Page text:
Whale Found in Thames River Dies Aboard Rescue Barge
LONDON, UK, January 22, 2006 (ENS) - A rare northern bottlenose whale sighted in the London's River Thames has died aboard a barge being used by rescuers to carry the injured marine mammal out to sea.
Normally found swimming in pods in deep, offshore waters of the North Atlantic and Arctic oceans, this is the first northern bottlenose whale to be seen in the Thames since recordkeeping began in 1913. The 17 foot whale seemed lost when it was spotted by office workers and boaters in the Thames on Friday. It appeared hurt, with a bloody nose and damaged eye.
The whale was seen swimming between Lambeth Bridge and Westminster Bridge on Friday, passing Big Ben and the Houses of Parliament. It attracted a great deal of attention from the media and the public, who jammed the riverbanks and watched from office windows.
That is the furthest upstream this species has ever been sighted, according to Alison Shaw, Marine and Freshwater Conservation Programme manager with the Zoological Society of London (ZSL).
Liz Carrington, a photographer with Lewis PR, was quoted on the company blog describing one beaching incident. "The whale was stuck on the bank, in shallow water, in front of Battersea Power Station. Three men in yellow jackets waded into the water and tried to coax it back into the water by splashing it. When it returned to deeper water, everyone cheered."
Just before noon on Saturday, veterinarians and rescuers entered the river near Albert Bridge in an attempt to help the whale. They took blood samples and unrolled an inflatable raft on which to place the five ton animal.
The whale was kept wet with soaked blankets while a barge was brought to the scene. About 2 pm, the whale was lifted onto the barge with a sling and was being taken downriver toward the North Sea.
At seven Saturday evening, the barge had reached the Thames estuary when rescuers reported that the animal experienced convulsions and died.
Mark Stevens, a director of the charitable organization British Divers Marine Life Rescue (BDMLR) who led the rescue, said, “This attempt to rescue this whale was an incredible team effort including BDMLR Marine Mammal Medics, Port of London Authority, Fire Brigade and Police. They all worked as a fantastic team to attempt a very difficult task even though they became very tired and cold."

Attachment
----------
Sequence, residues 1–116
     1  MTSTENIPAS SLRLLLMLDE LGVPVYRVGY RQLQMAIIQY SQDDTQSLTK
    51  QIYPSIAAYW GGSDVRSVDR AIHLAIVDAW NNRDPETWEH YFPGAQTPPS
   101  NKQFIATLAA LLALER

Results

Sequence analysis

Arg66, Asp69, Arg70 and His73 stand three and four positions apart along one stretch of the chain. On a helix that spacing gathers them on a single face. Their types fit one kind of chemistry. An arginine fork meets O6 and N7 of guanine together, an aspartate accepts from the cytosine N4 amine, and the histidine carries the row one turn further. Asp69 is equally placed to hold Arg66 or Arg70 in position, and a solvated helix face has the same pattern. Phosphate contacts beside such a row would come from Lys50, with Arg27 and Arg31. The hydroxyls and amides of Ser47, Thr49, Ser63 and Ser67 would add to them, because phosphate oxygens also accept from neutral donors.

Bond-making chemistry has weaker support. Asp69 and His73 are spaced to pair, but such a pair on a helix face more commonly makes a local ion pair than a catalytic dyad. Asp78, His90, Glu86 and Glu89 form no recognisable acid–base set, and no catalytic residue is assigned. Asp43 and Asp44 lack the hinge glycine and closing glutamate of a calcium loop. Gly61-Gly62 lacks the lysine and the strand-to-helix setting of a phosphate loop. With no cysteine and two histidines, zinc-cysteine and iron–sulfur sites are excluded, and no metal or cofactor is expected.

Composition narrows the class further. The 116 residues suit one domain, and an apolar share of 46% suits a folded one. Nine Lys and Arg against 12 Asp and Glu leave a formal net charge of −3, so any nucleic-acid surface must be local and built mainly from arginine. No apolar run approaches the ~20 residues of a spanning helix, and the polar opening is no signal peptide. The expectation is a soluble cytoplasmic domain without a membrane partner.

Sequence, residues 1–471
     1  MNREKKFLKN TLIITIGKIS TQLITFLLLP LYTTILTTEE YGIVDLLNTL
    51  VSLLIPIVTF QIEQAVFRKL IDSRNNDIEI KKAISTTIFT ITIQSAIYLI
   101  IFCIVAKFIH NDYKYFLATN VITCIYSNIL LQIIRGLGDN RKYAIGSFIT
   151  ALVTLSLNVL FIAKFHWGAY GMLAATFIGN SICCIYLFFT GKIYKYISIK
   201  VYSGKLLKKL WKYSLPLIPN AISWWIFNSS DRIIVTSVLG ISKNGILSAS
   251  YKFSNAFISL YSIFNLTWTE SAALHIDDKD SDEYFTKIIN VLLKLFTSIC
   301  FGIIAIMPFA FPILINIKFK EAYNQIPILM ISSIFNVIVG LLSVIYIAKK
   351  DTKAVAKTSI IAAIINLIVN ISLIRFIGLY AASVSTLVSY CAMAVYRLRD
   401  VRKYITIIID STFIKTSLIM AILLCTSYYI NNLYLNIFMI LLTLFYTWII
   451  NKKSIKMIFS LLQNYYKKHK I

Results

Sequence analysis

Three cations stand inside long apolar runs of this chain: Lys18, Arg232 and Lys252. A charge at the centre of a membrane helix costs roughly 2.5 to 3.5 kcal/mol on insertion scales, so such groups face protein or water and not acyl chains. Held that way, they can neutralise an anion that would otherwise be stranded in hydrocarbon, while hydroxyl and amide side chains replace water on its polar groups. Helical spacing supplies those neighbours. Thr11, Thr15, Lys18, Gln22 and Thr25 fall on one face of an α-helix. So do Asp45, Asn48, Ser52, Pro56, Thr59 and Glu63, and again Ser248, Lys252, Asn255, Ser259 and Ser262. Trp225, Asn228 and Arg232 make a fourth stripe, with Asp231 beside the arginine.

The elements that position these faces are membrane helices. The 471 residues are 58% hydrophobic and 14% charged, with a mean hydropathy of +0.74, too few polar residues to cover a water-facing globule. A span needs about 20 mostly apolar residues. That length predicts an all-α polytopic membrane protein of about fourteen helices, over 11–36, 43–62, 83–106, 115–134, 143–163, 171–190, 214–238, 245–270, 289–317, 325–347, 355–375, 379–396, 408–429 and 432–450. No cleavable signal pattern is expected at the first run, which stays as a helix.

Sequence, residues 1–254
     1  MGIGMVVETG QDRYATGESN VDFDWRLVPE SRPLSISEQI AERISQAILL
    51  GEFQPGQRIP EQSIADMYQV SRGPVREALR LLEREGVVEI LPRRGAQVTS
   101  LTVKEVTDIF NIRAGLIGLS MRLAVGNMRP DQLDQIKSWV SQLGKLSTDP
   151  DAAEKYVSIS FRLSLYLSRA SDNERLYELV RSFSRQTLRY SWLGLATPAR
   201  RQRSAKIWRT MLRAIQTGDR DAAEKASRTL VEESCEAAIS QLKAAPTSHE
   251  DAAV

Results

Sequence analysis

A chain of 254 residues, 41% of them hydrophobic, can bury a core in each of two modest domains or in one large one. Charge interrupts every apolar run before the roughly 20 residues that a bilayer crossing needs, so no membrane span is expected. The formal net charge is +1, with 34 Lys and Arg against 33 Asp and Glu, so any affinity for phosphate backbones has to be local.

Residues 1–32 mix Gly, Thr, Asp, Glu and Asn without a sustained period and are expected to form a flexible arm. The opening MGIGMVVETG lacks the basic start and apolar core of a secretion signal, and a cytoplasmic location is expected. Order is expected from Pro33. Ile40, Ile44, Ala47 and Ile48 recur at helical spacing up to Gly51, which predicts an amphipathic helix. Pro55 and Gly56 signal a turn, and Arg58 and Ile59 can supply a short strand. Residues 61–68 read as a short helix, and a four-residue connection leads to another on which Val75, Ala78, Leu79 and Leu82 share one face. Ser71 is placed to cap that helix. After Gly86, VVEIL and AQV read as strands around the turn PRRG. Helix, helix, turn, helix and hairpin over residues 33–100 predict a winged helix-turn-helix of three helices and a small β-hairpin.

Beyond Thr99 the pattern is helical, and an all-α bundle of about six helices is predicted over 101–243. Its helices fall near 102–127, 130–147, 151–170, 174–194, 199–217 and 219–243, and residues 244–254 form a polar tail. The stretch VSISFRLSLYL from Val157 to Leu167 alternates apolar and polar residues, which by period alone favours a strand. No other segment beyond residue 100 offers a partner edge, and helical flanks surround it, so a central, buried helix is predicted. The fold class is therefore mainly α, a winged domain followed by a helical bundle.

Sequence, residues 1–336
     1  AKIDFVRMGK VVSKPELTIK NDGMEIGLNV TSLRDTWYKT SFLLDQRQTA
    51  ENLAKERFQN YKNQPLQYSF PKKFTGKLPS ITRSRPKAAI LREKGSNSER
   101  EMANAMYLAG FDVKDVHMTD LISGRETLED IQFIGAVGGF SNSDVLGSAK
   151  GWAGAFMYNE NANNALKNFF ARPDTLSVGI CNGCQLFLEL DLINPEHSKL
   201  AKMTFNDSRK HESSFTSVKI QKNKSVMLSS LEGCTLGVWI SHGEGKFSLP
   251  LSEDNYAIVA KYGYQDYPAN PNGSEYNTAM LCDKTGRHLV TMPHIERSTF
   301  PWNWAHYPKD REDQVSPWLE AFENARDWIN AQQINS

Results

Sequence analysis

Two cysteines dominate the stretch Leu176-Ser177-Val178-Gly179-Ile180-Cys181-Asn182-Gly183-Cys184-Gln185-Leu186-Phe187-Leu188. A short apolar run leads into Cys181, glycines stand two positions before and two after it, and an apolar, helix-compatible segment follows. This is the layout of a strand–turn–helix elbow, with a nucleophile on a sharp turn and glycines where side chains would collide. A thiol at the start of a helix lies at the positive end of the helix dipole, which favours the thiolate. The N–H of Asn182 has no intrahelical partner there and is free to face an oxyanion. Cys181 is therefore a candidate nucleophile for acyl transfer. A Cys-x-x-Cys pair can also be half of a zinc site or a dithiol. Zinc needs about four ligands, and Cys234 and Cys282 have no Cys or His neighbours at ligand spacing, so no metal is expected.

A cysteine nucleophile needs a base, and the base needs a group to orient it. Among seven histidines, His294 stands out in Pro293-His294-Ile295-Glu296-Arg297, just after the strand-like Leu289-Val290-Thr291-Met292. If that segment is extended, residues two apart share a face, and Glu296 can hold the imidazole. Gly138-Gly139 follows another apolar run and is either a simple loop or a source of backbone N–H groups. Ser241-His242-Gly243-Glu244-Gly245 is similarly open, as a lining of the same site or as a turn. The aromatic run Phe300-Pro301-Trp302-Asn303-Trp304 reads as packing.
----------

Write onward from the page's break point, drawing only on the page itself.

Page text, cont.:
Alan Knight, chairman of BDMLR said, “The last two days have been a helter skelter of emotions. It is sad that the whale died but we really did give it the best chance possible."
BDMLR estimates that the rescue attempt could cost the charity £100,000 (US$178,000) and asked for donations from the public.
Dr. Paul Jepson head of the ZSL's Marine Mammals Strandings Programme and the veterinary surgeon in charge of the assessment of the whale, said, “From the outset we always knew we were up against it and the odds were slim that we could successfully rescue this whale, but we felt the best way to assess the animal condition was to get it on to the barge and start to implement removal from central London."
"We were very worried about its condition, as its respiratory rate was too high, but it was stable," said Jepson. "Unfortunately it did deteriorate very quickly and we saw this happen and, after consultation with experienced colleagues, a decision was made to euthanase the animal on welfare grounds. However, before this could take place the whale sadly died.”
“Although part of today’s incident was sad to see, so many people came out and showed their continued and terrific support and their interest in marine mammals," Jepson said. "There are probably many children who may remember seeing this bottlenose whale in London and in the future I hope that they may become marine mammal enthusiasts and conservationists.”
A spokesperson for the International Fund for Animal Welfare (IFAW) said, "We hope the whale which visited the UK Houses of Parliament can act as ambassador for all whales, and that its death won't be in vain."
She speculated that loud noise from undersea drilling, shipping, or military sonar could have disorientated the marine mammal.
But others said human interference could not yet be blamed for the whale's fate. "It is generally accepted that the animal was lost, being away from its normal environment of the deep Atlantic, but until the post-mortem is completed we can't tell if it had major internal problems or not," said BDMLR Director Tony Woodley.
Shaw said the ZSL Institute of Zoology will conduct the post mortem analysis.